“Anthony was unbelievable, getting ahead with his fastball, he was great, really had command the whole entire game and really kept hitters off balance with his changeup,” Susi said of Kay. “Once we got him the lead, it was pretty much over.”
In terms of his contributions at the plate, Susi said he simply followed the approach he had been working on all season and was able to poke a ball to the opposite field to drive in the runs.
“We had a lot of intensity coming into it,” Susi said. “We wanted to kick the intensity up and really put it to them first and keep it on them the whole time.”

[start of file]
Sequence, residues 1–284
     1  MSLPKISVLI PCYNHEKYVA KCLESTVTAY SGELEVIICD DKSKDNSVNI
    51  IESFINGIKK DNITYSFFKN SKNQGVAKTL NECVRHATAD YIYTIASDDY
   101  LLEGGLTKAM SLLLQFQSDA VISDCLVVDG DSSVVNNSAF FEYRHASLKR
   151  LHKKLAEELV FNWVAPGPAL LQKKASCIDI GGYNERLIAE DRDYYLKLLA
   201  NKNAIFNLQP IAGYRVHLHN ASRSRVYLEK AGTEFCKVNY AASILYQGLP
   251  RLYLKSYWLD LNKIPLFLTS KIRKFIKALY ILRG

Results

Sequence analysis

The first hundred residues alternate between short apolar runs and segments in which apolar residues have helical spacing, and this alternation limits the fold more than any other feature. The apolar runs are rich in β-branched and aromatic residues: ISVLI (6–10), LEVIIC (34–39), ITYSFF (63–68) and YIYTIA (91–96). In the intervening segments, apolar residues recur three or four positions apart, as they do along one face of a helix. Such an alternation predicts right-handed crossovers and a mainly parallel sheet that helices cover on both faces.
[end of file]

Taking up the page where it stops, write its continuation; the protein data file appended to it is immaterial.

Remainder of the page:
Saturday’s game was a battle of southpaws; freshman Tim Cate took the mound for the Huskies going up against Houston’s Seth Romero, who entered the game with a 1.65 ERA over six starts.
Cate was shaky to start the game, giving up a leadoff single and eventually the game’s first run via a wild pitch, his second of the inning.
That run was the only one he gave up all game.
UConn, who had scored less than four runs in their last six out of seven games, wasn’t expecting to put up more than two or three runs against Romero. Taking into account the strength of the opposing pitcher, they batted with a patient approach, waiting for their pitch to hit and challenging Houston’s pitchers to come after them.
Perhaps their most crucial trait was their ability to take advantage of walks, as they drew six of them against Romero. Knowing that Houston’s staff does not walk batters very often, they made them pay.